You have to hand it to Apple. They not only spun a significant product line from a single iPod but also turned on a torrent of recurring revenue by creating the iTunes store. Wouldn’t the leading suppliers of portable navigation devices (PNDs) love to do something similar?
Garmin’s nüLink! service offers one possibility. The firm’s $499.00 nüvi 1690 PND includes a two-year subscription to nüLink!, which connects customers to online information like Google local search, traffic, weather, fuel prices, movie listings, and more. If customers like it, they may re-up when the free subscription expires, as some customers do for Sirius/XM satellite radio, OnStar, and other fee-based services. Time will tell how much customers are willing to pay for in-vehicle connectivity.
Otherwise, PND makers are adding features, exploring new market opportunities, and doing whatever else they can to combat price erosion. Richard Robinson, principal analyst, automotive, at Suppli Corp., suggests that PND makers have seen their best year – 2008. That’s when unit shipments for tier one PND suppliers grew by 34% and revenue increased by 10%. Last year, however, iSuppli estimates that production dipped by 6.5% while revenue fell 24%. For 2010, the research firm predicts a 5% increase in production and a 12% falloff in revenue.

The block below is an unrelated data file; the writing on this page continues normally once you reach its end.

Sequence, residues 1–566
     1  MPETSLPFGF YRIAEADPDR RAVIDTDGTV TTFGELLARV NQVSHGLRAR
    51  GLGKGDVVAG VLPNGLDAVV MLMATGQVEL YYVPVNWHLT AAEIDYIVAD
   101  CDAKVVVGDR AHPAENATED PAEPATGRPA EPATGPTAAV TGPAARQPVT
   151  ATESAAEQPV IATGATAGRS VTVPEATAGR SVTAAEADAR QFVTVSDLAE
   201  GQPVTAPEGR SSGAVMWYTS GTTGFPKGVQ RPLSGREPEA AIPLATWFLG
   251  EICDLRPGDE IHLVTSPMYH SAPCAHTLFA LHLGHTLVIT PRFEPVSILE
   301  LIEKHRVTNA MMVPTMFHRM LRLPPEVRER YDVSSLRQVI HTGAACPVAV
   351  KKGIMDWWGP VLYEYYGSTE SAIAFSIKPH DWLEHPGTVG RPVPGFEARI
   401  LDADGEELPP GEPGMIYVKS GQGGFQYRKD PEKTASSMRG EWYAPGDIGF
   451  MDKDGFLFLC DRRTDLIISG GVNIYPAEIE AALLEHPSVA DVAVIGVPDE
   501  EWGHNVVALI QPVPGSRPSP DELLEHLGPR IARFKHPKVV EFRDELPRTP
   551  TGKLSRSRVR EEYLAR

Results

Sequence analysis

“The market was worth $9 billion in 2008 and will be worth $3.6 billion by 2015,” Robinson says, adding that profits are slipping from a high of 60% per-unit to single digits.
Automakers are typically not inclined to cede dashboard space to portable devices. Touch-screens were common among vehicles at the Detroit Auto Show, and navigation, though not yet mainstream, is an obvious touch-screen application. “The OEM market is staging a substantial fight-back across the board,” Robinson says. “OEMs will offer navigation at prices below €400-500, and at those prices, factory-installed navigation is very tempting.”
Will you expect factory-installed navigation in the next car you buy?